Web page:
|Dark clouds over Bynack More|
A promising forecast lured me out for a first venture of 2014 into the high Cairngorms. Sunny skies - the Met Office gave a 'medium' level warning of strong sunlight - and fairly light winds until mid-afternoon sounded enticing. However a pink dawn quickly gave way to grey skies as the sun sank into ominous, fast moving, dark clouds. I went anyway, hoping these early clouds would soon clear. I hesitated just once, on leaving the car and being hit by strong gusty winds. If it was like that in the car park what would it be like on the tops?
There was no snow on the lower slopes, just hard frozen ground and patches of ice. I set off with snowshoes strapped to my pack, having decided that these would be better than skis given the rather thin looking patchy snow higher up. Snowshoes act less like sails in the wind too, though I could still feel gusts tugging at them. Struggling up the icy, rocky ridge I needed my trekking poles to avoid being blown over. Gradually the patches of ice grew and hard snow replaced the frozen ground. Skittering over one piece of bubbled ice I decided it was time for the snowshoes. Wearing them I was able to make better progress though they still skidded occasionally on rock-hard ice despite the metal studs in the base.
|Winter equipment .... and a boulder for shelter|
Soon there was more snow than ice and the wind was scouring the surface and lifting tiny fragments into swirls of spindrift, some more than head high. The blasted old snow was hard and sharp, stinging my eyes. Time for snow goggles, for the first time this winter. Down below in the snow-filled corries to either side I could see groups of people digging snowholes and practising winter skills.
Finally the slopes eased as I reached the broad crest of the north ridge of Cairn Gorm. A great sweep of wintry mountains opened up before me. Above them bands of clouds in varying shades of grey covered the sky. There was no sign of the sun. I could see other walkers heading for the summit of Cairn Gorm. I wandered over to a subsidiary top, 1151 metre Cnap Coire na Spreidhe, and a dramatic view over the deep trench of Strath Nethy to Bynack More and Beinn Mheadhoin.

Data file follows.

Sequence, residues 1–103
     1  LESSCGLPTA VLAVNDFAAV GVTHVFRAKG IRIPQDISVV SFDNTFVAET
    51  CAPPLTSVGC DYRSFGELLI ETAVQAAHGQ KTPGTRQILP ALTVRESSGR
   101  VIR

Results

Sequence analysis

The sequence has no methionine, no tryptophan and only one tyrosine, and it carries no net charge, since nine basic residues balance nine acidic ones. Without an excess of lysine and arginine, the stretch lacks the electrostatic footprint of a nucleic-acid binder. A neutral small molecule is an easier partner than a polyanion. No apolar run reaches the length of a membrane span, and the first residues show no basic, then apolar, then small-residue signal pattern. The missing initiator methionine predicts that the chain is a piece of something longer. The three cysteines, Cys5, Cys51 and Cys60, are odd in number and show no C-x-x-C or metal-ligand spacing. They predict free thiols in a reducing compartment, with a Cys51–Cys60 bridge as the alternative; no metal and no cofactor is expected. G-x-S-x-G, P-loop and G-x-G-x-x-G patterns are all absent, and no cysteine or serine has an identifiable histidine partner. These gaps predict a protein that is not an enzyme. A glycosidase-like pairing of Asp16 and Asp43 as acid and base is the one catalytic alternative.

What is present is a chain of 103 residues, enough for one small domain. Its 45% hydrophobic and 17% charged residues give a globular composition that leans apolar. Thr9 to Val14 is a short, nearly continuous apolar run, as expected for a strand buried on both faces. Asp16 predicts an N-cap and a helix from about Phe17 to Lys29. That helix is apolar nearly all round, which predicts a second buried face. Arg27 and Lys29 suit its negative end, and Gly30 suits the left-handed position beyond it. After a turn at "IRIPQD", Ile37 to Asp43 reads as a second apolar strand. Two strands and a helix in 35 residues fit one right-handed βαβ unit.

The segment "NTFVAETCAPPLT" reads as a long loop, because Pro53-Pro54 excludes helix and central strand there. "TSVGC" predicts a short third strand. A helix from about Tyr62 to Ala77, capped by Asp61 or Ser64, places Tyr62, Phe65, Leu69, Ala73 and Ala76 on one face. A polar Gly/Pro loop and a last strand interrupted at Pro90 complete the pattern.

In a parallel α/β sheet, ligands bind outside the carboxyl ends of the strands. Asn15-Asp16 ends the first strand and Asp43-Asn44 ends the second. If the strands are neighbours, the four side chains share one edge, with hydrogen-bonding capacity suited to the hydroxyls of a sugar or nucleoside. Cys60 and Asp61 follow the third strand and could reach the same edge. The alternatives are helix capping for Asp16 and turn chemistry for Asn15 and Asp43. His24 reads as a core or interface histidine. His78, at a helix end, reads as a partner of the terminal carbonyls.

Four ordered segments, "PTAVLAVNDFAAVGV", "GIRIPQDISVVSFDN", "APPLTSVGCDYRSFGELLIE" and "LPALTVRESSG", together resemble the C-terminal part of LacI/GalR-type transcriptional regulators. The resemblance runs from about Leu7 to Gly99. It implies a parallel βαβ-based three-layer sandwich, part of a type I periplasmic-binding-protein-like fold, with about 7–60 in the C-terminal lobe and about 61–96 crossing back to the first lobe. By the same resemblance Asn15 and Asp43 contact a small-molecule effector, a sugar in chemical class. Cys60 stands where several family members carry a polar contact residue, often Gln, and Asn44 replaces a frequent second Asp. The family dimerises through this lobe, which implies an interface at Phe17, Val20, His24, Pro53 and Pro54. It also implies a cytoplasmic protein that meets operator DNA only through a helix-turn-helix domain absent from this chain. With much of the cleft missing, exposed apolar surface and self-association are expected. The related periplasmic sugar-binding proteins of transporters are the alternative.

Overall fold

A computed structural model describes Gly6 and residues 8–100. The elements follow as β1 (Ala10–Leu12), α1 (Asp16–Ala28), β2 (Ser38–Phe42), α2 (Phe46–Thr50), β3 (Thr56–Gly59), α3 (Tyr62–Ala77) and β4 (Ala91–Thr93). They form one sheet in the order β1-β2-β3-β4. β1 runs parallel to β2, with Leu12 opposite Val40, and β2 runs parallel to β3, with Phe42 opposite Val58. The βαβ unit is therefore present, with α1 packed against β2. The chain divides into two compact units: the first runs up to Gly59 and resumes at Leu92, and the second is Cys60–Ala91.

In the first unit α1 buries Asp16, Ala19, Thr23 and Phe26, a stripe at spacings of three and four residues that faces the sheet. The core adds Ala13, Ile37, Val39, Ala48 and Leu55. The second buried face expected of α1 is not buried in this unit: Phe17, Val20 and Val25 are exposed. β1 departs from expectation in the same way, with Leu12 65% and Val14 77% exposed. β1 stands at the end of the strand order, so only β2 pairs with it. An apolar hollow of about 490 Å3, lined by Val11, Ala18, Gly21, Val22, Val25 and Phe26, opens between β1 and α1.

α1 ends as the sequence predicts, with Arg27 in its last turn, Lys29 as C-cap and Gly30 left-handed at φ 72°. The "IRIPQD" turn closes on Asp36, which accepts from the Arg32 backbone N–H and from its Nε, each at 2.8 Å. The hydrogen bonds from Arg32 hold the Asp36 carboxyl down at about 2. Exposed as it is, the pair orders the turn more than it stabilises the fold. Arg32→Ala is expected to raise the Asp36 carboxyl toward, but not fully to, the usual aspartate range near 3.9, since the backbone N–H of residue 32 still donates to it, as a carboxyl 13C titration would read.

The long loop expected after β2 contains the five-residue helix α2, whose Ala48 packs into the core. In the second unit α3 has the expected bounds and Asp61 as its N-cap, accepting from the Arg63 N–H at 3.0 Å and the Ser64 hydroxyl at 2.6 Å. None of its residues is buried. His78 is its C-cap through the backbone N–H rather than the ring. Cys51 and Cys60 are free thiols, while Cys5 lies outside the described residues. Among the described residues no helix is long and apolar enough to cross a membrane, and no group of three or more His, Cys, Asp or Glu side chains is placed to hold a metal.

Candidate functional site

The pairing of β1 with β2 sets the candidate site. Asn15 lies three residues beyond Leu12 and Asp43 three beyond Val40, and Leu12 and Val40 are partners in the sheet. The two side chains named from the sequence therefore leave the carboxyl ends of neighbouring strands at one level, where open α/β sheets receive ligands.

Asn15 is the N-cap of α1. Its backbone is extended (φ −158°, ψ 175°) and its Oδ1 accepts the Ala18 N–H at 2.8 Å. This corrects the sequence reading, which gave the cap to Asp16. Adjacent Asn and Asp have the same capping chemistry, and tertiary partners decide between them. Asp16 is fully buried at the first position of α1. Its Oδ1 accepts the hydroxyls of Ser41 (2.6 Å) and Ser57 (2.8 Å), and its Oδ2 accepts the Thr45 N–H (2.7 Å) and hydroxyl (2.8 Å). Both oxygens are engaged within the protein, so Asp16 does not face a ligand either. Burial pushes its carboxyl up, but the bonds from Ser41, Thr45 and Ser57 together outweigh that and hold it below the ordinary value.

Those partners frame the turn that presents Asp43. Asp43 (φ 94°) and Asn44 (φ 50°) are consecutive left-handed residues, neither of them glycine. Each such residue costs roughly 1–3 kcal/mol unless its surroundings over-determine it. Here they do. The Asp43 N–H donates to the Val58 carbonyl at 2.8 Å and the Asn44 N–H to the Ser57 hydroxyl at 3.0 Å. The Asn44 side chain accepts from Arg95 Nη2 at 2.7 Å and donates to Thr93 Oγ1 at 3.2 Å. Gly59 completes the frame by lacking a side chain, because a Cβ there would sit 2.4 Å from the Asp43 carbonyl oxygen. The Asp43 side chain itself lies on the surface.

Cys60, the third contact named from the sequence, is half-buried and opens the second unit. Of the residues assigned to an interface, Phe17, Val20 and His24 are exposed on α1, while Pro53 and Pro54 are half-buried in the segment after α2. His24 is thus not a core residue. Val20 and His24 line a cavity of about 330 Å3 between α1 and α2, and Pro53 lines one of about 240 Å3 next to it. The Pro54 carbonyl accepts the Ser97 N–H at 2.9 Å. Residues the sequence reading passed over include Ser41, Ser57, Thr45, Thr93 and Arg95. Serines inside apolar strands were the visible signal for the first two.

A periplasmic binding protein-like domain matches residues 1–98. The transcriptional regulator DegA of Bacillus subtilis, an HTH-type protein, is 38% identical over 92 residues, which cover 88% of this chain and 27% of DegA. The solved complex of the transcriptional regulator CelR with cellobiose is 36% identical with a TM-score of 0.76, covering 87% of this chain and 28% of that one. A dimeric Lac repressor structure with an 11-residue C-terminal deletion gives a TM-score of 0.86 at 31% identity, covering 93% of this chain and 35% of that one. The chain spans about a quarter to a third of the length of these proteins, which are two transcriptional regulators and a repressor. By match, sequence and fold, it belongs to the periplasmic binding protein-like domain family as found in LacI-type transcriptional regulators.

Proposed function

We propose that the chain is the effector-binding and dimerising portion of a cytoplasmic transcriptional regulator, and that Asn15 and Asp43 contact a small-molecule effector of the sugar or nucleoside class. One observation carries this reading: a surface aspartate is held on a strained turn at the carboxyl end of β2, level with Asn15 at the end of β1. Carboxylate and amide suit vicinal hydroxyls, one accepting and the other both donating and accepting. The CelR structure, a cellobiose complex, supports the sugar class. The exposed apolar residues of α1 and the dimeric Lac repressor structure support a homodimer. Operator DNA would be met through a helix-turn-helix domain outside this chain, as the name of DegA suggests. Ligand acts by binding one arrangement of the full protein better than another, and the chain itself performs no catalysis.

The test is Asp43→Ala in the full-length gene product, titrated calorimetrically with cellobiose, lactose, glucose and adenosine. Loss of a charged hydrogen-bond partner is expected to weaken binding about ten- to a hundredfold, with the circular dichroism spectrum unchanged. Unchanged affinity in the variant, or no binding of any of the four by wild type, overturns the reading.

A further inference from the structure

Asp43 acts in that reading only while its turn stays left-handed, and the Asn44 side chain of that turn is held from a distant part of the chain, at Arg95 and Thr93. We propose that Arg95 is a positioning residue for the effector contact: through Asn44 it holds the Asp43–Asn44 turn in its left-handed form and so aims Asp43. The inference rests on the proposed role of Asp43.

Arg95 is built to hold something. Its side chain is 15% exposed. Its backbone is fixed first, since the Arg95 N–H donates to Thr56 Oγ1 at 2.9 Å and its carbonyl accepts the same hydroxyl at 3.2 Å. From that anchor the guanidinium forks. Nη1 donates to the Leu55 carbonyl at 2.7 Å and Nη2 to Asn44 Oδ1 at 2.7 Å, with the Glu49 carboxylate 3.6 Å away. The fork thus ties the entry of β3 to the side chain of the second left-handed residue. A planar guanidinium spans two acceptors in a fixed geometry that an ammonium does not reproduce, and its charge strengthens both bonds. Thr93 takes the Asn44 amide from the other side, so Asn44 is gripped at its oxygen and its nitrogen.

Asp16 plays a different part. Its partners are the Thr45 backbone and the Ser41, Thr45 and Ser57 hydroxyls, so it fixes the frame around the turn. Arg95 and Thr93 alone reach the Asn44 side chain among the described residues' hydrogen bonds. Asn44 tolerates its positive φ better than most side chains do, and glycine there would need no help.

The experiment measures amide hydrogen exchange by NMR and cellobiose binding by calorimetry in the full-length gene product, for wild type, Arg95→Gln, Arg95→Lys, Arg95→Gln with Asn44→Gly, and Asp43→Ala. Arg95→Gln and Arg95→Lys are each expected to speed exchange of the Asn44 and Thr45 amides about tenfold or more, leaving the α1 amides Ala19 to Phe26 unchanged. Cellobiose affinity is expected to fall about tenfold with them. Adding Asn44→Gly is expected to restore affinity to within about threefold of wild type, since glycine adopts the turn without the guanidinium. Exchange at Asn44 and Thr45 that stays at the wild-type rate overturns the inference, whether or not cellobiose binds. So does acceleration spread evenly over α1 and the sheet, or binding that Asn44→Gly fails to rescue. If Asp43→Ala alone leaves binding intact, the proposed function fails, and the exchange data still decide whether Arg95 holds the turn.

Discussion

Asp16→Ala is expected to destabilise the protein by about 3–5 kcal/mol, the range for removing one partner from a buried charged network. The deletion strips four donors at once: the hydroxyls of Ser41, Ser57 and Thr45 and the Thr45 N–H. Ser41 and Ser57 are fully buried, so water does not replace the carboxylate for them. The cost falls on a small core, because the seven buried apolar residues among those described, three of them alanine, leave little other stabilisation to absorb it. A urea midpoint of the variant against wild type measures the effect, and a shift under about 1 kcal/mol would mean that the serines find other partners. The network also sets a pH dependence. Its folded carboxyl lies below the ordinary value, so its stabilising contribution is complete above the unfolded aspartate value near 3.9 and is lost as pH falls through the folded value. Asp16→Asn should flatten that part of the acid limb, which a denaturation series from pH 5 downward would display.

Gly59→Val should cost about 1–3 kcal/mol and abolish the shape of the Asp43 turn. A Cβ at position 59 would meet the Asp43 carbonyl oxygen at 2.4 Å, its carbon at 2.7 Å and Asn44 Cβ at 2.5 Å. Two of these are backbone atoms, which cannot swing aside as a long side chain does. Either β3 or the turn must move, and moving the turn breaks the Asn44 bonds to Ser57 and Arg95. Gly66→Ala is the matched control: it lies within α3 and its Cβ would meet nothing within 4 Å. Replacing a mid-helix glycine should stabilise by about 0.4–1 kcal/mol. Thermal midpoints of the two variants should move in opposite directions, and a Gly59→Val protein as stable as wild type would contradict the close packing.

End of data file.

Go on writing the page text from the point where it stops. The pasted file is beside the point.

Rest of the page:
|The winter Cairngorms|
Turning away from the southerly wind I followed the ridge northwards, my snowshoes barely leaving a mark on the hard snow and ice, the wind roaring and whistling round me, though at least the spindrift was now at my back. In places the drifting snow had filled in shallow hollows and my snowshoes slid on the loose snow. Much snow build-up on the steeper icy slopes and avalanche danger could be high. Nothing would stick to this refrozen, rutted snow. On the steep slopes above Strath Nethy I could see cornices.
As the ridge rose to a slight bump the snow vanished, leaving just frozen gravel and ice-covered vegetation. I removed the snowshoes. But on the far side of the rise a steeper snow slope led down to boulders. I donned crampons for the descent. Another rise with sketchy snow amidst stony ground. Having learnt I kept the crampons on and linked bits of snow and tried to avoid blunting them on rocks or catching them in the heather. Sure enough beyond this rise was more snow on a longer, steeper slope. I swapped a ski pole for the ice axe before this descent. It was the last one on snow, now there really was only heather and frozen ground. With patches of ice hidden in the vegetation and glazed rocks I still had to take care as I descended to curving Lochan na Beinne. The little pool looked unusual. Half was frozen and smooth and pale, half was dark and surging with wind-driven waves.
|Essential snow goggles|
Leaving the lochan I had just a kilometre to go to the car. It was the most difficult walking of the day as the wind, as forecast, was strengthening rapidly. Hitting me from the side it blew me off the path several times, sending me staggering down the slope trying to keep my balance. Without trekking poles I'd have fallen many times. Just once as I fought against the wind I was forced down onto my knees by a fierce gust. In the car park the car was rocking.
Five hours in the winter hills, five hours of intense concentration and physical effort. What a great day!